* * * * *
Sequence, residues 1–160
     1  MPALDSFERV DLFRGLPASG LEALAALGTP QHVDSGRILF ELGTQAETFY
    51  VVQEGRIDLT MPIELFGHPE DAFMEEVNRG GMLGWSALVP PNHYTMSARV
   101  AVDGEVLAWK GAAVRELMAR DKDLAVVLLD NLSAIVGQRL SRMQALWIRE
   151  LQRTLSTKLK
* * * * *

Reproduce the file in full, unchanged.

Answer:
Sequence, residues 1–160
     1  MPALDSFERV DLFRGLPASG LEALAALGTP QHVDSGRILF ELGTQAETFY
    51  VVQEGRIDLT MPIELFGHPE DAFMEEVNRG GMLGWSALVP PNHYTMSARV
   101  AVDGEVLAWK GAAVRELMAR DKDLAVVLLD NLSAIVGQRL SRMQALWIRE
   151  LQRTLSTKLK